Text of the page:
Genesis 38: Judah and Tamar

By Mary Jane Chaignot

With Joseph on his way to Egypt, the story turns to another brother, Judah. Surely this is no accident. This is the only story to interrupt the Joseph narrative, so we can assume that it’s important. Judah is the fourth son of Jacob and Leah, and he, too, will play an important role in the fulfillment of God’s promises. Approximately twenty years will pass before Joseph is ready for his role in Egypt. During this time, the author is telling us that God is also cultivating and preparing Judah. We already know that the first three sons have shown themselves to be morally unfit to lead the family. Now the narrator presents a closer look at Judah. Some scholars think that because this story is not flattering towards Judah, it’s only included because it already is part of the tradition. In other words, the story is too well-known to ignore. Others think it comes well after the fact in order to explain how several foreign clans have become part of the Judahite tribe.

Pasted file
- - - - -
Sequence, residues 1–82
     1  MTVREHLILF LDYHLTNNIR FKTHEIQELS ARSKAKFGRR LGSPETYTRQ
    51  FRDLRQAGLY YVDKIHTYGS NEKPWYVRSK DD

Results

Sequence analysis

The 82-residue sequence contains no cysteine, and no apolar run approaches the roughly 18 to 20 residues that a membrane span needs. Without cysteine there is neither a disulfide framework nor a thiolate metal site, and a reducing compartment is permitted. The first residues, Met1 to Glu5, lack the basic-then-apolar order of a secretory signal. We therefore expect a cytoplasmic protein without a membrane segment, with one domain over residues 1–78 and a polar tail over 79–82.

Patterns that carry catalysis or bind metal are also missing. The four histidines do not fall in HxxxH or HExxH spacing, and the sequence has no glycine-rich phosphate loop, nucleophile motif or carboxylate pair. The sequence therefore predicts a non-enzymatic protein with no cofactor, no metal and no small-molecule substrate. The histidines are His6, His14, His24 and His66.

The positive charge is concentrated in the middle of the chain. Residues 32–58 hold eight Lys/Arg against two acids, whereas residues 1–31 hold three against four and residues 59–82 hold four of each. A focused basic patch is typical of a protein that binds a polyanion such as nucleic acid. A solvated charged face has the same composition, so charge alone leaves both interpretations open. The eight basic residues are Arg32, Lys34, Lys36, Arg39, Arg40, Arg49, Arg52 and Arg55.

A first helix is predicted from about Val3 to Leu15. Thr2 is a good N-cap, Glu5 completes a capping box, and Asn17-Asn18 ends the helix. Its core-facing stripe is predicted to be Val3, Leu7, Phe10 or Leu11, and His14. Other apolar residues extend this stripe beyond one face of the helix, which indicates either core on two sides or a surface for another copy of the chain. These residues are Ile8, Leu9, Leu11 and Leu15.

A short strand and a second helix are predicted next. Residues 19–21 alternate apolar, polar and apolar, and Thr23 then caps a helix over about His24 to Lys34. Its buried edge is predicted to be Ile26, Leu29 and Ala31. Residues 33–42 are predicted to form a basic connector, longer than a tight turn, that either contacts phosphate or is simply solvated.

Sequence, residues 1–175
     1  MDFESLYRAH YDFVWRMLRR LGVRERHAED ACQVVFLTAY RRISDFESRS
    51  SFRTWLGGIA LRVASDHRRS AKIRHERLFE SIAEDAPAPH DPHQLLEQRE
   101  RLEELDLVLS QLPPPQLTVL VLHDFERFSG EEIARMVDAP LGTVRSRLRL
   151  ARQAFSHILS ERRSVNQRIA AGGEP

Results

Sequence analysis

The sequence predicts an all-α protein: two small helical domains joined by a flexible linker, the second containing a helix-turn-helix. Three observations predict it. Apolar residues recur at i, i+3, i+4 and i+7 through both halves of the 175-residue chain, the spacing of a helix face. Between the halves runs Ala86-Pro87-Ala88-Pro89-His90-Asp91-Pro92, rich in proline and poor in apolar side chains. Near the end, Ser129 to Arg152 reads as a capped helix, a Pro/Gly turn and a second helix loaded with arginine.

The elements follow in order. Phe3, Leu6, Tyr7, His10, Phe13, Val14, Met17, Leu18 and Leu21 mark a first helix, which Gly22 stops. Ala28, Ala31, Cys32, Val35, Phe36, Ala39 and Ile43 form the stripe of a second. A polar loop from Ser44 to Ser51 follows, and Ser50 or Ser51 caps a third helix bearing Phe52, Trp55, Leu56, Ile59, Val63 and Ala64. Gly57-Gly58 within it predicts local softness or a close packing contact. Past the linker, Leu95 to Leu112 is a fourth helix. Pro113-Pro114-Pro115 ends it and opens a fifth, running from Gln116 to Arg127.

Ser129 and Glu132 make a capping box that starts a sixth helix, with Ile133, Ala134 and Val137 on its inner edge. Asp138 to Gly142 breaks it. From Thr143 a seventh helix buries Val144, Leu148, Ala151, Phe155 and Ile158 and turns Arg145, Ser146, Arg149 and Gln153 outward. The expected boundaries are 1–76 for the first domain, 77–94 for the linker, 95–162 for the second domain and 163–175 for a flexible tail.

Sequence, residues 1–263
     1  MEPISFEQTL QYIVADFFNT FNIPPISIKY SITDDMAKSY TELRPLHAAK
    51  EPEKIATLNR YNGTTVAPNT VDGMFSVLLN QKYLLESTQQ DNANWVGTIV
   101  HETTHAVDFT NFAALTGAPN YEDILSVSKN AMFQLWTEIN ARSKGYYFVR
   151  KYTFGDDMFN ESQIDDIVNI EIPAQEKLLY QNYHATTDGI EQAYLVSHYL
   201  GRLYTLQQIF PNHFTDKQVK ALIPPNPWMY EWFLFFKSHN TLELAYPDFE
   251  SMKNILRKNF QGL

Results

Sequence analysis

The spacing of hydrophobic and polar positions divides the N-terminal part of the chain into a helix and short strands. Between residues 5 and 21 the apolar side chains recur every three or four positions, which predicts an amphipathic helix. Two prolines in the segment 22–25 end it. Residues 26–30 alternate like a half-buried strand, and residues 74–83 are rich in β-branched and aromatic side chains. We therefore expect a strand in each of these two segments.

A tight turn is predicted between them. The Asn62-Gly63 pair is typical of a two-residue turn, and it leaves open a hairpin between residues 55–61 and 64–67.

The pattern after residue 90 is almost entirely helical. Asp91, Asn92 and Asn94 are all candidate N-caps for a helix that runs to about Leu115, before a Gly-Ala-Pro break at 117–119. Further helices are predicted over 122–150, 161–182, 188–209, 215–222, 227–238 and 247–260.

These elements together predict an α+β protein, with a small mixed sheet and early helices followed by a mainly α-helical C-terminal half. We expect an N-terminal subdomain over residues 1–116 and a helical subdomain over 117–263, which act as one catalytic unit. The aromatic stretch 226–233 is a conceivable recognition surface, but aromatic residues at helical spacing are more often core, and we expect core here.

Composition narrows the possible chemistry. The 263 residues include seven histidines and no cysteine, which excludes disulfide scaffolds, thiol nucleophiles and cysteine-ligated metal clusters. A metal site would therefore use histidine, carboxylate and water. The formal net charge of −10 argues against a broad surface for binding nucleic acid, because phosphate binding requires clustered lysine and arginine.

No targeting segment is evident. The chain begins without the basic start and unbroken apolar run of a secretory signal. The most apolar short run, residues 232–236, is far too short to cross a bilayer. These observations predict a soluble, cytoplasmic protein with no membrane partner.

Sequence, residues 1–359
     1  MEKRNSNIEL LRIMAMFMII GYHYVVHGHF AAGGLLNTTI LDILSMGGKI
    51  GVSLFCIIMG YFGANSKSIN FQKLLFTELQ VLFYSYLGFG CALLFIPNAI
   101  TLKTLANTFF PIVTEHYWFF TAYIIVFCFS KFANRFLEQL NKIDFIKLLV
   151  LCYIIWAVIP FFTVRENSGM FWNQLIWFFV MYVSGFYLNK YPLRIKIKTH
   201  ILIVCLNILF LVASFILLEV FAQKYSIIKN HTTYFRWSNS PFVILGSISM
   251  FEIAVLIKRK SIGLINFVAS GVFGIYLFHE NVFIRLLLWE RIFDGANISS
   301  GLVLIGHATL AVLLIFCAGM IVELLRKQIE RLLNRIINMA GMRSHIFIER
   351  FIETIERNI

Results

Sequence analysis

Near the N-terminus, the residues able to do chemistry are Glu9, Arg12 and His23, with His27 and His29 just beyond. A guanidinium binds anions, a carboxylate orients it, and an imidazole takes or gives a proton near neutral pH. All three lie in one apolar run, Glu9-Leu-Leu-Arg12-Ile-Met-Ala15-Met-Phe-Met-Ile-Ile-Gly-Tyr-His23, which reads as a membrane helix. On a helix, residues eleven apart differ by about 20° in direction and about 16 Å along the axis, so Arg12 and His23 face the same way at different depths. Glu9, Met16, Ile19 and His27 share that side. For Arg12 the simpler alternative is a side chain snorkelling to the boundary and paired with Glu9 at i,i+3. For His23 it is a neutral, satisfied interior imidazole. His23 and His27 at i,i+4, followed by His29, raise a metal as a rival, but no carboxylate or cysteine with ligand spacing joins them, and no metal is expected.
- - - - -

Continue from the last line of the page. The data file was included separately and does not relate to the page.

The story begins simply by saying that Judah parts from his brothers. No reason is given, but is it hard to surmise? Jacob is still grief-stricken, preoccupied, not showing any interest in the affairs of his sons or his family. No doubt Judah feels it is time to move out on his own. Interestingly, he “went down” from his brothers and pitched his tent near an Adulamite named Hirah. Shortly thereafter, he “saw” and “took” the daughter of a Canaanite man named Shua. His wife is never named. At the end of her life, she is still referred to by the name of her father. The words “saw” and “took” remind us of the Dinah story, but here there is no familial outrage. Nor is there any talk about the covenant, or the land, or descendants. It appears that at this point, it’s everyone for himself.